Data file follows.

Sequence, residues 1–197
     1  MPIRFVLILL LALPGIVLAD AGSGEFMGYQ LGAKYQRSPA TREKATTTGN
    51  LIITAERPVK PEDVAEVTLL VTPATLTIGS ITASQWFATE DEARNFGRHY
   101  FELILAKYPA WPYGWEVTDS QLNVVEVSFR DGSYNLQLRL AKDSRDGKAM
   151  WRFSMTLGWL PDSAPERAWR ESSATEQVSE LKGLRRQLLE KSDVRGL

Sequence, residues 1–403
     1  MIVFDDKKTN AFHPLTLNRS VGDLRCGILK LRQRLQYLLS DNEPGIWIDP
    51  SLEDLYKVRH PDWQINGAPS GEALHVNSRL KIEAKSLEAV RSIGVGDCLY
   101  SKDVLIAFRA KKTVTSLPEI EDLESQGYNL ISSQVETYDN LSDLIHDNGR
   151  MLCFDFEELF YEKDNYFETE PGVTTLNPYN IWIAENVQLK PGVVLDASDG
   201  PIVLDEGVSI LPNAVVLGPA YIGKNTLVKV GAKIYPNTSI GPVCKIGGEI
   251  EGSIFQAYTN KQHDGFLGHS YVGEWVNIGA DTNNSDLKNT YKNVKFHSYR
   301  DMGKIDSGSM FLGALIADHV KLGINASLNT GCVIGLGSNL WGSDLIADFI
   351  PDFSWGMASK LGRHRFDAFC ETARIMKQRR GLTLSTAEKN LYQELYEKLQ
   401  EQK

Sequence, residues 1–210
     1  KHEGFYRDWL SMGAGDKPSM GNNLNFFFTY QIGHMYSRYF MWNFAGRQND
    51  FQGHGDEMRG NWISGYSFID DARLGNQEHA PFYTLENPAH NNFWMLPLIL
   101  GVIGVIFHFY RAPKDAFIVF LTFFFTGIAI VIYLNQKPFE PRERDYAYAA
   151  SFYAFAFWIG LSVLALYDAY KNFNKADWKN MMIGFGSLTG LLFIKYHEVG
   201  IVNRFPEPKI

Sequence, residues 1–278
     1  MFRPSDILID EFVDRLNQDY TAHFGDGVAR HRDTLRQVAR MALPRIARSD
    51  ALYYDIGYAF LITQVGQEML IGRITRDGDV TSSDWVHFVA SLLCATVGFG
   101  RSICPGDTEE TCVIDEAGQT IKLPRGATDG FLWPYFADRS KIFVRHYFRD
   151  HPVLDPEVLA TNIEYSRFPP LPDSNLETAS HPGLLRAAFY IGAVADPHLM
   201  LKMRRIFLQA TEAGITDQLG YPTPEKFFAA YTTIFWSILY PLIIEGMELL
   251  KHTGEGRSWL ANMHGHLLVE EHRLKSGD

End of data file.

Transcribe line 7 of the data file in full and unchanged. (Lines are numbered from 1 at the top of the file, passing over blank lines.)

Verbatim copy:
     1  MIVFDDKKTN AFHPLTLNRS VGDLRCGILK LRQRLQYLLS DNEPGIWIDP